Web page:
What do you think of the ways in which the game has changed since your playing days?
When I played, most cricket pitches were uncovered and open to the weather and this often gave bowlers the advantage. Runs had to be worked for and there was more variety of shot making. Nowadays the pitches are covered and better prepared and the pendulum has swung perhaps a little too much in favour of the batsman. Technology has improved bats enormously and, with the better pitches, six hits are now commonplace, whereas in my time only the big hitters regularly dispatched the ball ‘out of the park’. The bowlers have to work much harder for their wickets and accuracy is at a premium. Also, up to about 20 years ago, the only youth cricket locally was the Graham Cup – a knockout competition for 15 year olds and under, and there was little or no organised coaching. At that time I led a sub-committee of the Northern Cricket Union and succeeded in persuading the NI Sports Council to fund a Cricket Development Officer. Since then we have developed a wide programme of elite squad coaching and courses for coaches, and the Northern Cricket Union now has competitions for age groups 11, 13, 15 and 17.
On the Irish international team front, the side’s performance in the 2007 World Cup in the West Indies raised the profile of Irish cricket to a level previously unheard of. This has opened the gates for many of our young players to go across to England and be offered contracts with county sides to such an extent that the current squad, set to compete in next month’s World Cup in India, has 13 out of 15 players currently earning their living from playing cricket – changed times indeed.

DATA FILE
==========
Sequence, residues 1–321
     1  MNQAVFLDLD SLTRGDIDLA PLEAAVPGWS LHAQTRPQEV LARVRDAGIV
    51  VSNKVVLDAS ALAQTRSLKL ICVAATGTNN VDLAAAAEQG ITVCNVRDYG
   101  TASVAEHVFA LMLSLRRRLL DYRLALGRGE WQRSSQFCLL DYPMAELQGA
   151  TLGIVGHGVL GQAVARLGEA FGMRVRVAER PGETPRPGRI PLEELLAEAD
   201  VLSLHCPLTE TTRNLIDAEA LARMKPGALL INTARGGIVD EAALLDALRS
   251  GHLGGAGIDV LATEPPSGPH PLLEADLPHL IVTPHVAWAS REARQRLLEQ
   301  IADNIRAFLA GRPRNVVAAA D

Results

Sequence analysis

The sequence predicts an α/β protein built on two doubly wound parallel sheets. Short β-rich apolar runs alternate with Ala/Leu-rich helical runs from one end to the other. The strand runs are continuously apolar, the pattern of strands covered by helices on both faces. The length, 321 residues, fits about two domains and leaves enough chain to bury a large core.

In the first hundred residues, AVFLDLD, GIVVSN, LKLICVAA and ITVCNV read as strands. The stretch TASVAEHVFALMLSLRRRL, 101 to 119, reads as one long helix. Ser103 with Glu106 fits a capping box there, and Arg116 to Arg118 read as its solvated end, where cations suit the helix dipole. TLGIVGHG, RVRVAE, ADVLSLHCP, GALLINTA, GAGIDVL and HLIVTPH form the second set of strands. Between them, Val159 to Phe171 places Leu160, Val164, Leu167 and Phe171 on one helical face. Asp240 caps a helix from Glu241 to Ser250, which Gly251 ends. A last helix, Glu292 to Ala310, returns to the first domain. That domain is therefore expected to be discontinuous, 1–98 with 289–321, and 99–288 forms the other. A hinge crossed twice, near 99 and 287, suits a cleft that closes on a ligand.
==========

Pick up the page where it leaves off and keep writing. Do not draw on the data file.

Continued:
As with other sports, at international level, money dictates the format and has largely been responsible for the T20 form of the game. I personally find it is a bit too much like baseball and still prefer watching Test cricket which brings out all the nuances for which the game is loved.
Apart from cricket what matters to you?
Away from cricket what matters to me most is my immediate family – our daughter, Karen, and her husband, David, live on the Hillsborough side of Lisburn with two kids (Hope and Samuel) and we look after Hope three days a week. Hope was our first grandchild and so holds a very special place in our lives. Our son, Michael, is a Presbyterian Minister in Arklow. He is married to Emma and they have three kids (Erin, Patrick and Conor). Unfortunately we don’t see enough of them but make up for it when we do.
My wife, Marie, and I are deeply involved in our local church and associated with it we are members of a hill-walking group.